A real estate attorney is an attorney who specializes in property law and uses their skills to oversee disputes, transfer of property, and transactions between parties. Although it’s not necessary to have an attorney at every transaction, having the input of an expert is especially useful when buying or selling a home. In fact, it is necessary for buyers to hire a real estate attorney in certain states (we recommend talking to your Realtor to see if you will need to hire an attorney).
Whether you’re seeking an expert opinion by choice, or you are required to have the help of a property law specialist, it is important that you know how to hire the best real estate attorney for you.
Finding Your Real Estate Attorney
Unless you already know a good real estate attorney, it can be hard to know where to start looking.
We recommend you start looking for a good attorney before you get to the stage of requiring a contract to be negotiated and drawn up; tensions are understandably heightened at this point in a sale, and the pressure to keep things moving could lead you to make a hasty choice. Instead, start looking for an attorney once you start house hunting and you will be able to search at your own pace.
Here are things you should consider when hiring a real estate lawyer:
- Are they versed in local property law? Property laws in NYC are not the same as those in LA, so make sure that you’re getting someone appropriate for the area you are buying in.
- How many clients do they take on at once? If you pick a lawyer who takes on a high volume of cases then they may use a cut and paste approach to save time. This means they might not take the time to look at your individual needs and get you the best possible results.
- How much, if any, of their fees are refundable if the deal falls through?
Of course, referrals are generally a good way to find a competent lawyer, but you should be wary of where the referral comes from. Referrals from friends and family are often best. Referrals from individuals or services that make a commission off their recommendations may be less trustworthy.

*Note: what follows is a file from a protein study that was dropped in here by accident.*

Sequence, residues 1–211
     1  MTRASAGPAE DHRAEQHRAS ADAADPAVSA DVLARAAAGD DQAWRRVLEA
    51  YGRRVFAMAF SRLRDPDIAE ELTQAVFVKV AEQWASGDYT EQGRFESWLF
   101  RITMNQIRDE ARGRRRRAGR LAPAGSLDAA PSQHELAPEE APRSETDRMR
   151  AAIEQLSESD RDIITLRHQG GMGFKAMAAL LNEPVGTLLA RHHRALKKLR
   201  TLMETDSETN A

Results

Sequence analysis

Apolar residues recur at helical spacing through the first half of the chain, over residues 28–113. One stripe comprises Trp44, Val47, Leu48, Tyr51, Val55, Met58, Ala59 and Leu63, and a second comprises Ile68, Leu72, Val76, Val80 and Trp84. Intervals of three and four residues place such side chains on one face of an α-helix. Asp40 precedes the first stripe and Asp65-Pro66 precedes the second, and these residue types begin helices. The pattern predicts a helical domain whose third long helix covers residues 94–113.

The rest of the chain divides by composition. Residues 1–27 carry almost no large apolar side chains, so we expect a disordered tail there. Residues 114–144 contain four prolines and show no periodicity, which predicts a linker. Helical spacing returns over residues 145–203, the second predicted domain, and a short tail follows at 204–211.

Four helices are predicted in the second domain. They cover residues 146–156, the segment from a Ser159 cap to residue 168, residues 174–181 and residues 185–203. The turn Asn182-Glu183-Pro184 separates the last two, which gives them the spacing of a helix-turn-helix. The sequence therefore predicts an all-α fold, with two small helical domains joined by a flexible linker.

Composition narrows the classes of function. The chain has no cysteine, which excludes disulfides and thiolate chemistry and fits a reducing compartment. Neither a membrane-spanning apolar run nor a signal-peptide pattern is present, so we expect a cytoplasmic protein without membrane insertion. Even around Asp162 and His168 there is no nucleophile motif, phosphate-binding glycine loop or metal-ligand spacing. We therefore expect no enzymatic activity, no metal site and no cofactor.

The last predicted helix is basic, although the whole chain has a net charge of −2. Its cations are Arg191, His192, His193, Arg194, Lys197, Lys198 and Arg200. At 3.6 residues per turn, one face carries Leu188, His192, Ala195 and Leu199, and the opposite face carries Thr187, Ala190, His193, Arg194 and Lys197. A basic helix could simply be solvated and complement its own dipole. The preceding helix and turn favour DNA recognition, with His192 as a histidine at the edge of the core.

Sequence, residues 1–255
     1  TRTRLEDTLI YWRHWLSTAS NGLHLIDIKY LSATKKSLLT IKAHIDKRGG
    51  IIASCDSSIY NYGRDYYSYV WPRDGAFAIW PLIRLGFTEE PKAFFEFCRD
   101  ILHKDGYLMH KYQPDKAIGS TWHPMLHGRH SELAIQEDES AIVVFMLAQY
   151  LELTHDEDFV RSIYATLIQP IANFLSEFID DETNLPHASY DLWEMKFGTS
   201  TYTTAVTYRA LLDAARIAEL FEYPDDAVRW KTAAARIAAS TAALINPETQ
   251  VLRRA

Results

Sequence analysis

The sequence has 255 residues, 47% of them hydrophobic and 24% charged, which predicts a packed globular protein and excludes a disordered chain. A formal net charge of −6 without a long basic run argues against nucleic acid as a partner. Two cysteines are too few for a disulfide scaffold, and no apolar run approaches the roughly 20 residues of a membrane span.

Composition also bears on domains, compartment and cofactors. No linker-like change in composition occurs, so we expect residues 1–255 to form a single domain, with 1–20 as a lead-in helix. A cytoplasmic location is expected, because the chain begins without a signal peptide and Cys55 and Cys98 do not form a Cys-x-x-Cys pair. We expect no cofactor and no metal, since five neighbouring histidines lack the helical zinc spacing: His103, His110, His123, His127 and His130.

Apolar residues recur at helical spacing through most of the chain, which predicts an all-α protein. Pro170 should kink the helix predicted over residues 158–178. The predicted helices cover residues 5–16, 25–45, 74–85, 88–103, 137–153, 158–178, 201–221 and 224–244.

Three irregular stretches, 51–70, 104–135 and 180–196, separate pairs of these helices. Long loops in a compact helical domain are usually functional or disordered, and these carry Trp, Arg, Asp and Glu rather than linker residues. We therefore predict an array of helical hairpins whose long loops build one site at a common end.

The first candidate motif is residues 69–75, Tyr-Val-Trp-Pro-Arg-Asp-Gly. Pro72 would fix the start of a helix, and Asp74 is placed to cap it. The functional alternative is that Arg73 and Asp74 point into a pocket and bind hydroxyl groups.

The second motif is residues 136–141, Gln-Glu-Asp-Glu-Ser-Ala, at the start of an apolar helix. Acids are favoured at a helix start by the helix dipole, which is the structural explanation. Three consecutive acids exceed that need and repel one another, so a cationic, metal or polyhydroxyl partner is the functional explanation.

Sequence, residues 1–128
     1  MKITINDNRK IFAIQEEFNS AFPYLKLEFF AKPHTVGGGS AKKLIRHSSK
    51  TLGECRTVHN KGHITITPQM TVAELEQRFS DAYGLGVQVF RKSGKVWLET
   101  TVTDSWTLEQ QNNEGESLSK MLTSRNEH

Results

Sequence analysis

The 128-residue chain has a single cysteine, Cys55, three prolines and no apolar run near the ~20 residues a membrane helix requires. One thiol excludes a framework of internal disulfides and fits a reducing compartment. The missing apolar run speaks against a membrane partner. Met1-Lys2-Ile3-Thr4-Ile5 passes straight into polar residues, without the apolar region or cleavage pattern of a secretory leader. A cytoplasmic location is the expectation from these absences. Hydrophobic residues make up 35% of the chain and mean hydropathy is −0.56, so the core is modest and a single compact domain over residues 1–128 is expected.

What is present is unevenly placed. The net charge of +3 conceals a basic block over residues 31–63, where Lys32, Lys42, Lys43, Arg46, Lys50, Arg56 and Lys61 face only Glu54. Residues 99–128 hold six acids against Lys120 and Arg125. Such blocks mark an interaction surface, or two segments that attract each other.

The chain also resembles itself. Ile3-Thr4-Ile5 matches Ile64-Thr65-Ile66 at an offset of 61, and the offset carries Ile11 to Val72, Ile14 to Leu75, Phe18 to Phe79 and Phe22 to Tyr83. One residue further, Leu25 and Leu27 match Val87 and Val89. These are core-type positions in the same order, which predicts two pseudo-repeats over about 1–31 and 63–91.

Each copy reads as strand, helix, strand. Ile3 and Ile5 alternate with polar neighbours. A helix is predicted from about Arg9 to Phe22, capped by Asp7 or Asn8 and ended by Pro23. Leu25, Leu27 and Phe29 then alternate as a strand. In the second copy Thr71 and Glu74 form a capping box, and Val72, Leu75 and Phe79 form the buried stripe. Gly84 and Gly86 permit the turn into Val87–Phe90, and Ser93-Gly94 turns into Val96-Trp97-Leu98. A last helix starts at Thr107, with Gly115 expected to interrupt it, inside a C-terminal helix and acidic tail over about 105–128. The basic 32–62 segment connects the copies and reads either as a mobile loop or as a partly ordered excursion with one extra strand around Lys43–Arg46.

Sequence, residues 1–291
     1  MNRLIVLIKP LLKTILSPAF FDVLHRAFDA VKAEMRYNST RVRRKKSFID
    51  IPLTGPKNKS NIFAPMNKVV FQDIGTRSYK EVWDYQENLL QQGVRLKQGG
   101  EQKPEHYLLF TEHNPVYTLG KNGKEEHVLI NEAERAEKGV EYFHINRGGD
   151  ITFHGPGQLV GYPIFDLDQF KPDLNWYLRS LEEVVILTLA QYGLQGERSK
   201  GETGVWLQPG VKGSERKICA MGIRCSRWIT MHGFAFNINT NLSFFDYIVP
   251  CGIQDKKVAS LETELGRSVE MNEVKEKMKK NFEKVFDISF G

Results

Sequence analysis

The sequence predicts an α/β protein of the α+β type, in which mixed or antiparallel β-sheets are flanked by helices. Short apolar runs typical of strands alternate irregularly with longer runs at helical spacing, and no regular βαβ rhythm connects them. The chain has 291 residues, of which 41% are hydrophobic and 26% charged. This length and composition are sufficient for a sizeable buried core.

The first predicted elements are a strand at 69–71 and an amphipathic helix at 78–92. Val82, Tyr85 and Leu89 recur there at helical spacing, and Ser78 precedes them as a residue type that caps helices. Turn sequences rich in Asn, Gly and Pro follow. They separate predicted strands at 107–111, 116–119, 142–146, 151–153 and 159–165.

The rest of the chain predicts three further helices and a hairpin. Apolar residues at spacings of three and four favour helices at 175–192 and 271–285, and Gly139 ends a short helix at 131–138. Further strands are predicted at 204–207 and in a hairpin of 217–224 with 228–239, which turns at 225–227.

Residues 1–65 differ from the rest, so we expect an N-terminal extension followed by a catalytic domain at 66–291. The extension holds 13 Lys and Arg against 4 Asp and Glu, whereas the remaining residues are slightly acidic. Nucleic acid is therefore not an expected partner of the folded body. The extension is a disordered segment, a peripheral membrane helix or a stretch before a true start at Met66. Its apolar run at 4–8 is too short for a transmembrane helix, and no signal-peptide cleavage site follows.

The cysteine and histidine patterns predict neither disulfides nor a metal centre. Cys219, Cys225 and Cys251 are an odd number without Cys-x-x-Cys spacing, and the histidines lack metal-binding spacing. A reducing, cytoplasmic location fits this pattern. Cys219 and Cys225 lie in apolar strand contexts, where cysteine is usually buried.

Vetting a Real Estate Attorney
Once you have the name of a good attorney, you should contact them to discuss their services, fees, and your aspirations in terms of properties. Each property sale is different, so there is no ‘right’ approach, but there are some things you should do when hiring a real estate attorney.
1. Ensure They are Certified: check with the state bar association to make sure that the attorney you have your eye on is allowed to practice in your area. They will also be able to tell you if their certifications are up-to-date.
2. Book a Consultation: arrange a face-to-face meeting so that you can get a sense of their experience and approach. Remember this consultation won’t be about specific legal advice, but rather about you figuring out if this attorney is a good fit for you. Ask them about how they administer the managing agent questionnaire (it would be better if they do it themselves, rather than delegating to a paralegal).
3. Clarify Their Fee Structure: if you are sure that they’re someone you would be happy to work with, you should ask about their fees. You should expect to pay anywhere from $400 to $1,500 for an average transaction. Make sure that the fees they quote include due diligence, and what they expect in terms of a retainer.
Hiring an Attorney
Once you have an attorney in mind, you should begin the process of hiring them as soon as you are comfortable. You may need to start by paying a retainer, or the flat fee which your attorney requires to begin the process. At this point, you should provide them with any appropriate documentation and make sure that they have everything they need to begin work.
A good real estate attorney will make the process of buying or selling a home easier, but they rely on your cooperation so make sure you ask any questions and provide them with what they need quickly! If you do this you’re much more likely to find an attorney who suits you and make the process of buying or selling your home smooth.